Week of May 29 – June 4




Monday was Memorial Day, so we enjoyed a long, relaxing weekend!




Tuesday, however, we got right back to work! The universal ribosome binding sites arrived from IDT. We began reaching out to experts for our Human Practices work. Work was started on metabolic pathway modeling and we found five potential universal promoter sequences! Additionally, we began looking into the lung mimic logistics; we contacted Drs. Breur and Kasinski about donating rat lungs from their laboratories to the project and made a spreadsheet of common genera of bacteria in the lung microbiome and the optimal culture conditions for each. At the end of the day, we performed a GFP transformation on E. coli to practice the protocol.




On Wednesday, we had our first Human Practices meeting with Dr. Umberger, the Purdue Polytechnic Associate Dean for Engagement who teaches a class on the FDA regulatory procedures. She discussed with us some considerations we need to make in developing our product, including the unmet need our product would fill and concerns about the product being introduced to other human microbiomes (i.e. the skin and eyes). She also generously offered to introduce us to a contact at Cook Biotech that might be interested in sponsoring our team! Our Experiment campaign was submitted for review; more details on that once it is live! We continued writing up protocols for future assays and working on a code to model the enzyme kinetics and reaction rates.




On Thursday, we did more wet lab work! We performed the miniprep protocol on the GFP-expressing E. coli. In continuing the work from previous days, we researched and wrote up protocols for analyzing enzyme activity and transport assays. We also looked into the populations which are most often exposed to dangerous levels of benzene in order to determine our initial target population. Our project’s modeling script produced graphs for our data, but we were advised during our weekly PI meeting to consider flux balance analysis as a way to model bottlenecks in the pathway. Also at the meeting, we decided to use mammal lung decellularization and recellularization as our lung mimicking method! We are very excited to revive our own lungs in the coming weeks!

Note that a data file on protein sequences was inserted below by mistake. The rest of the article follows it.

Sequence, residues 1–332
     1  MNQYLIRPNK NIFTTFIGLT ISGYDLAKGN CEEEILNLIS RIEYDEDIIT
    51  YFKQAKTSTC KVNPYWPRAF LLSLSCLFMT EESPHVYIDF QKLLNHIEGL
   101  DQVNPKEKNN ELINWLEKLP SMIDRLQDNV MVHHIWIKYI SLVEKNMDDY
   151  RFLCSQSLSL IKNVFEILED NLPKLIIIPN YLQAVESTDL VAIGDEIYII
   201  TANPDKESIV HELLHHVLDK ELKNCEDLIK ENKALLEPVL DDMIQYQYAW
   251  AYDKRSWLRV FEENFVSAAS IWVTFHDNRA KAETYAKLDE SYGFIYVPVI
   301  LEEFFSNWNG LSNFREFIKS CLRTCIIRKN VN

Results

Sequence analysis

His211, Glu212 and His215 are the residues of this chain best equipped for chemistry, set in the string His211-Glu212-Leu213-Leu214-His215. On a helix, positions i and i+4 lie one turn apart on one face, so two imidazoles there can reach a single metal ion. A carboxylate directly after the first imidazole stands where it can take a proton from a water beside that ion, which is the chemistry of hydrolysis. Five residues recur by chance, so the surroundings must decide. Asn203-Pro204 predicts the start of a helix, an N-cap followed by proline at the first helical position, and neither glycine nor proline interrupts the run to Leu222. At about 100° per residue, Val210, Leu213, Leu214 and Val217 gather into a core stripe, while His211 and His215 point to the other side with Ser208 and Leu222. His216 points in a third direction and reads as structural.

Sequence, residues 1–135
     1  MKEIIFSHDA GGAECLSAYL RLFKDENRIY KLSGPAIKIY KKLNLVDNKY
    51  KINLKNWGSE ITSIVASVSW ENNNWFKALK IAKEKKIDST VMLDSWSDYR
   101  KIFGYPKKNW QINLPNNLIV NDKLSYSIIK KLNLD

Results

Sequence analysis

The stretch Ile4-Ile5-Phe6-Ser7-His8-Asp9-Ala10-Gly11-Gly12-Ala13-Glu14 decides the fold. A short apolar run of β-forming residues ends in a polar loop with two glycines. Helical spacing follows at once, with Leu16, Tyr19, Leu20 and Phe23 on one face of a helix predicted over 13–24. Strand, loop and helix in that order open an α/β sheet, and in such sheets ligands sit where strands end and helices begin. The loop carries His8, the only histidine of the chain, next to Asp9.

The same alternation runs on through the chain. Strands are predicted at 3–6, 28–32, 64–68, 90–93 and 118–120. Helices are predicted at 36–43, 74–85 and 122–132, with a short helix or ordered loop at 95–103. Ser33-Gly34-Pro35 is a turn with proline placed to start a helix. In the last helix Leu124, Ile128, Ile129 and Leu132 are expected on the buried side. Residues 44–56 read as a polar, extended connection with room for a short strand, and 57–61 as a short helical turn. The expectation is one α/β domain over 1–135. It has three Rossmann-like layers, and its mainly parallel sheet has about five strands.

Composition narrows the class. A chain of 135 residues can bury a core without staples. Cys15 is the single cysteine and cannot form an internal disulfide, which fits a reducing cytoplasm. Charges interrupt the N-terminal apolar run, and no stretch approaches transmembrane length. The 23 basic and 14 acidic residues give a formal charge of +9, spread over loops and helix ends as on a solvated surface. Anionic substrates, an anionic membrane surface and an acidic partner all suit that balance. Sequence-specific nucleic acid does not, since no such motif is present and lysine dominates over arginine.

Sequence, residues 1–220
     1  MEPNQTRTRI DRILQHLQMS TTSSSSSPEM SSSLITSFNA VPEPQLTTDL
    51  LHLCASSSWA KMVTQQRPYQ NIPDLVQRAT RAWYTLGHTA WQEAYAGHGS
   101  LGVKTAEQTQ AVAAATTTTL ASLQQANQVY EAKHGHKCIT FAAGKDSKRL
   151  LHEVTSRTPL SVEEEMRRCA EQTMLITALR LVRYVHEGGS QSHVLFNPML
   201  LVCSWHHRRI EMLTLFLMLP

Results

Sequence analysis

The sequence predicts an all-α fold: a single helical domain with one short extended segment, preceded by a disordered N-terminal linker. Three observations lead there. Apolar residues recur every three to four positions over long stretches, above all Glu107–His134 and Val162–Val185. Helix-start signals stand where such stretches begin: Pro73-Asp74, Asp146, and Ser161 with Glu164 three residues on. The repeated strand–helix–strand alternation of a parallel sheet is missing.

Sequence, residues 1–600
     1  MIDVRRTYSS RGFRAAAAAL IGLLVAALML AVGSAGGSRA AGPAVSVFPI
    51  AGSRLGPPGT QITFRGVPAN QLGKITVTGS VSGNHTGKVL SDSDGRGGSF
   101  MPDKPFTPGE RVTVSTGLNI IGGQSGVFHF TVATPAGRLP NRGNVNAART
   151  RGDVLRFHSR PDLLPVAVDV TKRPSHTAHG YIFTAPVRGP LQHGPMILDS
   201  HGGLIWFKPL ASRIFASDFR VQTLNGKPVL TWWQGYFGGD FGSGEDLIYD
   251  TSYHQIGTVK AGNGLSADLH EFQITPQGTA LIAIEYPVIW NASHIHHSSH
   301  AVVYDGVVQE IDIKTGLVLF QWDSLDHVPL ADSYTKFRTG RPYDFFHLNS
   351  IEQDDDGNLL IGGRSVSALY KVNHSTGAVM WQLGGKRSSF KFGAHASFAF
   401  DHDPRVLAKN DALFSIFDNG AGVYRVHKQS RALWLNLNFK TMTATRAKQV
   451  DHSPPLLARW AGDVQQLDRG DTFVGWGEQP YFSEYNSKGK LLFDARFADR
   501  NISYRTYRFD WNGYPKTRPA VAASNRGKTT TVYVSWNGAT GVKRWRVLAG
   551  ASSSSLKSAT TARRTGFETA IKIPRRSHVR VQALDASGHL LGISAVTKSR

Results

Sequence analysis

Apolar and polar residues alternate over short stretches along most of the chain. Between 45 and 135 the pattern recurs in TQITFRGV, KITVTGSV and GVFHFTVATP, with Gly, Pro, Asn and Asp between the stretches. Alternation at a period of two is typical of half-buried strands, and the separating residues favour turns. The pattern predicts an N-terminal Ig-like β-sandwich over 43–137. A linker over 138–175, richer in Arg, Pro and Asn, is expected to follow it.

Friday, we continued improving upon the modeling code to incorporate changing concentrations and flux balance analysis. We reached out to companies regarding funding, mentorship, discounts, and in-kind donations. In the wet lab, we created a master mix of the gBlock DNA and the primers, poured agar plates, and performed PCR on the six gBlocks we have.




Over the weekend, some team members were dedicated enough to come in and perform a quick gel check on the PCR products. We determined that the results were not as expected, so the next day, the team came back and redid PCR on the six gBlocks with Q5 buffer and performed a gel check. All but gBlock 4 had the expected bands.


WebLogo Plot of universal promoter sequences.

Universal Promoter WebLogo Plot: This WebLogo plot, made with Berkeley’s WebLogo application, shows the frequency of amino acids to create sequences of potential universal promoters. Five of the sequences were chosen based on how conserved their -35 to -10 regions are. 


Graph of Concentration (mM) vs Time (s)Concentration vs. Time Metabolic Modeling Graph: This is the first graph that was created with our metabolic modeling script. More factors are needed to accurately model the system, but the script is off to a great start!